The objective of this study is to prioritize the generally available print planning resources and metrics with respect to their potential to predict advertising effectiveness. Advertising effectiveness is a broad and expansive notion. Therefore, for the purposes of this research, it is defined as advertising recall. The study is designed as a first step in discerning the hierarchy among metrics for different print ad campaigns spanning product categories and magazine genres. The project expands upon the work undertaken by the Magazine Involvement Alliance â€“ presented at the 2003 Worldwide Readership Research Symposium â€“ by broadening the focus to assess the relative contributions of multiple drivers of ad effectiveness, not simply involvement. For this study, one branded campaign within each of three product categories is selected to assess a set of working assumptions. All three campaigns ran in the U.S. in the spring of 2005. The subject brands include a widely recognized consumer package good, a prescription pharmaceutical drug (promoted direct-to-consumers), and an apparel brand. All are considered leading brands within their respective categories. The respondents, recruited from Knowledge Networks’ representative online consumer panel, answer a series of questions probing their relationship with the magazines using the language of MRIâ€™s qualitative measures, as well as their recall of the advertisements from the three ad campaigns.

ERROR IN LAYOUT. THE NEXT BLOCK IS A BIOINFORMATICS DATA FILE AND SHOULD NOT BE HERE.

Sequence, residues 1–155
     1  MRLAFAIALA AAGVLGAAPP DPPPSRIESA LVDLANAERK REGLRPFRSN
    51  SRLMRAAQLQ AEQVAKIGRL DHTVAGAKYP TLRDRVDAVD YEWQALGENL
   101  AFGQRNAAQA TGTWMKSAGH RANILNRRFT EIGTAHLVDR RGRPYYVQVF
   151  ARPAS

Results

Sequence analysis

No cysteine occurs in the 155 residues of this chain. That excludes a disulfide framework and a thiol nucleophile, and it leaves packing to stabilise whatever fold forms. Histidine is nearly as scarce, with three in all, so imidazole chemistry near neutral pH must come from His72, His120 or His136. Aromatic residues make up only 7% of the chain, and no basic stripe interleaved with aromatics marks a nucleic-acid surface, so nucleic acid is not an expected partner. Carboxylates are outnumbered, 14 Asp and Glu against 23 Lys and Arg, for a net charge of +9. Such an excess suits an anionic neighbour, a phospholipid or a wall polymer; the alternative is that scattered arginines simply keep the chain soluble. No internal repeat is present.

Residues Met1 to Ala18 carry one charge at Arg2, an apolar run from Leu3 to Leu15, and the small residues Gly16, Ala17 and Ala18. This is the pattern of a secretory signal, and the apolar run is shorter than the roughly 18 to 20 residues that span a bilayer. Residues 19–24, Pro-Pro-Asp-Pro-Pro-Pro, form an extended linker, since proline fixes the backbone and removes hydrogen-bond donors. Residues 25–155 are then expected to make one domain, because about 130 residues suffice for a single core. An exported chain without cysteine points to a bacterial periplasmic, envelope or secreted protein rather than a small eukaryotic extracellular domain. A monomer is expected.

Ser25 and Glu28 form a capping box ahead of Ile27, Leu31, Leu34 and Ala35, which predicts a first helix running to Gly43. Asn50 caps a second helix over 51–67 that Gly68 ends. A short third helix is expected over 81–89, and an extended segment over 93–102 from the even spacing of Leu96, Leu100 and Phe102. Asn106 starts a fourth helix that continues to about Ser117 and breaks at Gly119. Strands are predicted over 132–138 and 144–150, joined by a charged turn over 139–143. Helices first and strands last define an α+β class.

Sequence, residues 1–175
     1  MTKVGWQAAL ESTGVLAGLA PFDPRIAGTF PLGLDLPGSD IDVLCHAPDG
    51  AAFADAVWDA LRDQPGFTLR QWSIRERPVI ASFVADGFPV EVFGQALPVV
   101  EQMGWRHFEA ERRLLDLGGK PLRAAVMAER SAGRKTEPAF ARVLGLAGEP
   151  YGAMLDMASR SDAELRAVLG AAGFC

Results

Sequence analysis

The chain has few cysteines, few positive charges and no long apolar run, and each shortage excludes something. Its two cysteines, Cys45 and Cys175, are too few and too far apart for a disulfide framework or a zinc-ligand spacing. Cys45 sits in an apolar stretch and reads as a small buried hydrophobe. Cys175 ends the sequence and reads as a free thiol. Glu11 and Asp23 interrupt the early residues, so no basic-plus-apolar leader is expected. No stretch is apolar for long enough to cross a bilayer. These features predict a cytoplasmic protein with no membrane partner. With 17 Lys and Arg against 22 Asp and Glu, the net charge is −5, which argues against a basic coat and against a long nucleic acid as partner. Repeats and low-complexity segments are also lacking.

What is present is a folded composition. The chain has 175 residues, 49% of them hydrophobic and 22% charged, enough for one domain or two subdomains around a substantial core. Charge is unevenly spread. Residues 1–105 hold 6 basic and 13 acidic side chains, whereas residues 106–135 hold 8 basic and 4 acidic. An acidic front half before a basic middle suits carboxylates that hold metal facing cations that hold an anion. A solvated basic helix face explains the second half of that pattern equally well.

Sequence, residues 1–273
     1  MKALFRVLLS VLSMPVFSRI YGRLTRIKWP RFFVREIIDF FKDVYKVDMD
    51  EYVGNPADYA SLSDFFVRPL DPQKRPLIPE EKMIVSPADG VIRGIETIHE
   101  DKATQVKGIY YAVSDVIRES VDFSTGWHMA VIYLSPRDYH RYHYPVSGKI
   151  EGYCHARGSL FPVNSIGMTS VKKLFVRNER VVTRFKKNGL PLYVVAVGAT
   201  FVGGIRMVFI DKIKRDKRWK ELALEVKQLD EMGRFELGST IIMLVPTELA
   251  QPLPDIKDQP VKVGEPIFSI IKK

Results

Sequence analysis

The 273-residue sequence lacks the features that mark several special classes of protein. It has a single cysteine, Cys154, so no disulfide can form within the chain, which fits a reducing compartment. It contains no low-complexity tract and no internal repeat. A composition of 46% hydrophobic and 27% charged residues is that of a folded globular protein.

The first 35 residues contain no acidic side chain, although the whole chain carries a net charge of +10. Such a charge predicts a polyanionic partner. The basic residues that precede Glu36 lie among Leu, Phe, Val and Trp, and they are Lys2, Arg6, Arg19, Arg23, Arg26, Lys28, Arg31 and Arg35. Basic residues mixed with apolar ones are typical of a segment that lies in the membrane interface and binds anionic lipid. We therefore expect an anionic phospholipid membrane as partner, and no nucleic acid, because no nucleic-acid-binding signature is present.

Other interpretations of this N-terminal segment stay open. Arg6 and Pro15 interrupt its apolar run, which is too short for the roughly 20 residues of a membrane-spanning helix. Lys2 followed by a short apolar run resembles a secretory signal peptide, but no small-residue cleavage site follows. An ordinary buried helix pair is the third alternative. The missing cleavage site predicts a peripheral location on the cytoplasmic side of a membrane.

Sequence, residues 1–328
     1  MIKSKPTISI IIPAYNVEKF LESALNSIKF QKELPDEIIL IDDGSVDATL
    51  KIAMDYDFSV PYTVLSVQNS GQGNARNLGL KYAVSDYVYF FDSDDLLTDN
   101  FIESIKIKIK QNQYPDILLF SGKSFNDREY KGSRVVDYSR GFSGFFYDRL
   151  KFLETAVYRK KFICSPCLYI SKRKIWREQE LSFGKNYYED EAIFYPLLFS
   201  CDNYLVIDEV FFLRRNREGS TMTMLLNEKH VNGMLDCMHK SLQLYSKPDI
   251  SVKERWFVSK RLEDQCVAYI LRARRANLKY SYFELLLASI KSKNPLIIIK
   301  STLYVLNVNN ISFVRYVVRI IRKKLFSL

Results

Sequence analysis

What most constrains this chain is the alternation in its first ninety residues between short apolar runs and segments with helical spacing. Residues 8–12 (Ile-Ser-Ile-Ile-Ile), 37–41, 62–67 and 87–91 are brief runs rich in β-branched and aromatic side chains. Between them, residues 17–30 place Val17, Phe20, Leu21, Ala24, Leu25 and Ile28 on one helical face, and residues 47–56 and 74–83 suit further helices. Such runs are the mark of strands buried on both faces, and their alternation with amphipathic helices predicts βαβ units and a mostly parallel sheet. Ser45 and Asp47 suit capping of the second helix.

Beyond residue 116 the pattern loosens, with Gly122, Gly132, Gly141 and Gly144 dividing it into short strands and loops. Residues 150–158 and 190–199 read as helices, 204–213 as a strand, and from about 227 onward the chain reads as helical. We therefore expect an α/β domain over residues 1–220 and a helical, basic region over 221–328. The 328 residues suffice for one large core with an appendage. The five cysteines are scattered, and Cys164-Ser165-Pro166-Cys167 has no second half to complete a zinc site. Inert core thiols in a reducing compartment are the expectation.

Symposium: 2005: Prague, Session 3 - The Advertisers Perspective
Authors: Baron, Roger B., Cleveland, Britta, Edge, Justin, Ware, Britta C.
Organisations: Foote Cone & Belding, Knowledge Networks, Inc, Meredith Corporation
Topics: Advertising Effects, Quality of Reading